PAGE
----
3. Friendly Persuasion (William Wyler, 1956, 137 min) 8/10
Quakers in Indiana during the American Civil War. I'm grateful for this challenge because I'm not sure I would have found this movie otherwise. Quakers are mostly know for their pacifist beliefs, and have been used in other war films and in a good number of other Westerns. The movie follows a Quaker family around as different aspects of their faith come into question, at first through small every day things and then later their pacifism is called into question when the war approaches their doorstep.
The father buys an organ even though the movie claims Quakers were against instruments of any kind. It is revealed that the mother might have danced in her youth, and the daughter is caught dancing with her crush, dancing being another thing the movie is claiming Quakers are against. The daughter's crush is also a soldier. The youngest son continually asks about the war, and when the soldier visit he asks excitedly if they had killed any "rebs." The eldest son has the largest question of faith about whether or not his will stick with pacifism or fight in the war.
Pauline Kael criticized the depiction of the Quaker family here saying that they "are there only to violate their convictions." Quakers also seem split on the depiction here, some criticizing pacifist decisions made in the final act, but there is also a fantastic review here https://web.archive.org/web/20130520133 ... fl122.html
that I'm going to pull a lot from. These aren't the caricatures you'll see in other Westerns, the family and their questions of faith are very realistic. The family clearly holds their beliefs sincerely, but as any human of faith, they fall short of these. For all have sinned and fall short of the glory of God. The question of pacifism when your family and life are in danger is not as easy one. It would take incredible conviction to truly turn the other cheek when soldiers come to steal your food and livestock, an when those being stolen is the best case scenario, they could burn your farm down or simply kill you. The movie does a very good job of having different family members choose different levels of pacifism. For one case, I wish a little more time had been saved to look at the aftermath of that decision, but the movie was already very long. The review also points out that in real life, there were Quakers in Indiana who did join the fighting.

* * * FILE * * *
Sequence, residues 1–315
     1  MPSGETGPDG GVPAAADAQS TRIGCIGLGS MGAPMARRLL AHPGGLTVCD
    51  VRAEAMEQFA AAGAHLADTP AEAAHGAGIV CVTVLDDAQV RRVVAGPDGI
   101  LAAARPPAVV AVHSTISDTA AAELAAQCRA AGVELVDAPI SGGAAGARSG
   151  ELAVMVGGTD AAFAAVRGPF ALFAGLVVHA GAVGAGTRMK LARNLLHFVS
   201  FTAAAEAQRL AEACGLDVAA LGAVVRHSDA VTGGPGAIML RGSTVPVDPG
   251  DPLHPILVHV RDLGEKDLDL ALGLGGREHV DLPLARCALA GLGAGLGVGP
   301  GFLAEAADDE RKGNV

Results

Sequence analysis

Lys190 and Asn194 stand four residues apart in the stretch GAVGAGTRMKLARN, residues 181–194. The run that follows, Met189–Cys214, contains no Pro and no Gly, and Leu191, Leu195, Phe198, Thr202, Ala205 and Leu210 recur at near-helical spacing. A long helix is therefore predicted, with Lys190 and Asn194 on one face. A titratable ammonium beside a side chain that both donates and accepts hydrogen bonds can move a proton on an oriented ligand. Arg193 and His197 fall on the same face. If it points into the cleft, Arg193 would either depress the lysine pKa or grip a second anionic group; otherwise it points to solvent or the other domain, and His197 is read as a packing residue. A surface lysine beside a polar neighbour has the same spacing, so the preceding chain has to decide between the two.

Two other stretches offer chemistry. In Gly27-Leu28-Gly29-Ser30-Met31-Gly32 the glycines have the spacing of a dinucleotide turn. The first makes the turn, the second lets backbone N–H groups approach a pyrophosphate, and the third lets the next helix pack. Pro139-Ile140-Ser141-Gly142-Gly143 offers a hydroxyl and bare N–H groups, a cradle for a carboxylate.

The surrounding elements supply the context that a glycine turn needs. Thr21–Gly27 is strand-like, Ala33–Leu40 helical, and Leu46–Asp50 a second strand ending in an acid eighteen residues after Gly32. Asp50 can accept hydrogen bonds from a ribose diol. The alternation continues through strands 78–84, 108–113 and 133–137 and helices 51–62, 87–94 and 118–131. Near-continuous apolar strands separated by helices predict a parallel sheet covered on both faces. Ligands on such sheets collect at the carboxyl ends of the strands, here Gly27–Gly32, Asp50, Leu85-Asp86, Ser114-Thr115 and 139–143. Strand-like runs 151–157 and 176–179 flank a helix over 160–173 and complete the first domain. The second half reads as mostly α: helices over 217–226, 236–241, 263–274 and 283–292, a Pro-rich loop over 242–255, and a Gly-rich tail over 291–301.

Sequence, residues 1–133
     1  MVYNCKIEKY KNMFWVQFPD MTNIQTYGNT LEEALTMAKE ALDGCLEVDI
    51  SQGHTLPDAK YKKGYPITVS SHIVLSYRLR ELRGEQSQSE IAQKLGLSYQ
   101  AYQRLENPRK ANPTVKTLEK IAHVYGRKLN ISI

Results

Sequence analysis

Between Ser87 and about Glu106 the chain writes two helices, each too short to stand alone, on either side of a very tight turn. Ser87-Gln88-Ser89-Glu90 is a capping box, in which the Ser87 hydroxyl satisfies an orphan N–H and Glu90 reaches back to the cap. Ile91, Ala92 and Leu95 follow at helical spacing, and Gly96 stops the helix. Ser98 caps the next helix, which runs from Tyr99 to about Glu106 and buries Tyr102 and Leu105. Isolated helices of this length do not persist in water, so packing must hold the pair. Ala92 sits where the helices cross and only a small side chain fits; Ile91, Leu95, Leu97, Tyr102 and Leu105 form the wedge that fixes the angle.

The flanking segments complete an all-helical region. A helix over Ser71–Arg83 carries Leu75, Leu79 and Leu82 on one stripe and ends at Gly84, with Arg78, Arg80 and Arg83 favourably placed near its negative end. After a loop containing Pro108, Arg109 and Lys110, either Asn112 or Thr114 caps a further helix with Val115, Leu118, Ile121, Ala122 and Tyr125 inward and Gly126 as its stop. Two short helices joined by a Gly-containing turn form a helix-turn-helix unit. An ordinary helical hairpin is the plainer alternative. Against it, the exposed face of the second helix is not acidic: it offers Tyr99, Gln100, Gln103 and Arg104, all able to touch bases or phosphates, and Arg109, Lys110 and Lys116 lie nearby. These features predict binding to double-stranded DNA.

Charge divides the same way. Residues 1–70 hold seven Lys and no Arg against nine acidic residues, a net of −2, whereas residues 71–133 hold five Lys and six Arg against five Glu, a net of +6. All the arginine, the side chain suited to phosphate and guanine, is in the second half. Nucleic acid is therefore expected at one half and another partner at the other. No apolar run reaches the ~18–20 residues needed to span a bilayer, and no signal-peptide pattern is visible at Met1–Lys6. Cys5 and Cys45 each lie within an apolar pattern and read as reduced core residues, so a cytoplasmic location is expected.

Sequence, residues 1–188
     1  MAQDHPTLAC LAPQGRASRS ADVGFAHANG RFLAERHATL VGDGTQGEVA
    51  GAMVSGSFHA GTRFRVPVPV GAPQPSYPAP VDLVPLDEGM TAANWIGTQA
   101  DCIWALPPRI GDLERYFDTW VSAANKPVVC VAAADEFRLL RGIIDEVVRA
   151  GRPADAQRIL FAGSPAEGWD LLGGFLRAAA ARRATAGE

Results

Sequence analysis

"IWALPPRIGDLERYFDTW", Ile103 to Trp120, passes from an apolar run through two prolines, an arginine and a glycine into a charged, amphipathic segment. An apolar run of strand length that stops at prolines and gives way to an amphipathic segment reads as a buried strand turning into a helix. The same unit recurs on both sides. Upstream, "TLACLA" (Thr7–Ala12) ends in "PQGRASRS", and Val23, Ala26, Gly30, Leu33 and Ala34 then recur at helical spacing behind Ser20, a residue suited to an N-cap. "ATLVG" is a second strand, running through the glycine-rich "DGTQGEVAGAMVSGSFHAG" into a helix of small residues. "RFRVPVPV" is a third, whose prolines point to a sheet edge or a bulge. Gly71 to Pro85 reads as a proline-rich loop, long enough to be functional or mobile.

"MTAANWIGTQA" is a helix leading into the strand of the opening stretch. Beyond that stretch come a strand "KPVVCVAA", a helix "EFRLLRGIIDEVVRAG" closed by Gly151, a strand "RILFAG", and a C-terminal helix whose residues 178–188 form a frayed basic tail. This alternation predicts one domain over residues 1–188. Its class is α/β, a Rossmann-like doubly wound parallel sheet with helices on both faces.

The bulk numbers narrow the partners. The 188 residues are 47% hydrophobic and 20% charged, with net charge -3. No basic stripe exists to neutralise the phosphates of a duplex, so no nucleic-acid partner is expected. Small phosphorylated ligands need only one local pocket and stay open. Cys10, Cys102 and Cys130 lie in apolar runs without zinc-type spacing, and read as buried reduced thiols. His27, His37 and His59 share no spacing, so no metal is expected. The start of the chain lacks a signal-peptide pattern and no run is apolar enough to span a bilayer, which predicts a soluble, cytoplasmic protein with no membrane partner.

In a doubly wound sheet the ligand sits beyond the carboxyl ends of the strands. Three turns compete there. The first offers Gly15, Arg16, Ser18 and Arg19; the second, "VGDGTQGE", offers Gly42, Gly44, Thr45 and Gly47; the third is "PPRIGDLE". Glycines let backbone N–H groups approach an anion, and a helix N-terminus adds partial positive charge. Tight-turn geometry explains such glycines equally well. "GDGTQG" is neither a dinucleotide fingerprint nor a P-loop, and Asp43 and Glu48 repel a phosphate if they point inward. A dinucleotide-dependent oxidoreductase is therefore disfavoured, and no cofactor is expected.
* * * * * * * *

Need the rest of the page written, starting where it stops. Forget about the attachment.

Beyond this pacifism question though, I absolutely loved the relationships in this movie. Both the father and mother seemed like fantastic level headed parents. The mother is such a well written character, the most steadfast in her beliefs. The relationship between the mother and father also seemed very loving. I really like the father's friendly competitions with the Methodist neighbor. The whole tone of the movie right up until the war parts is very fun, though I think some would find it grating. Overall, I'm just very happy to have watched this movie.
1. The Juniper Tree (Nietzchka Keene, 1990, 78 min) 7/10
2. Doctor Strange in the Multiverse of Madness (Sam Raimi, 2022, 126 min) 5/10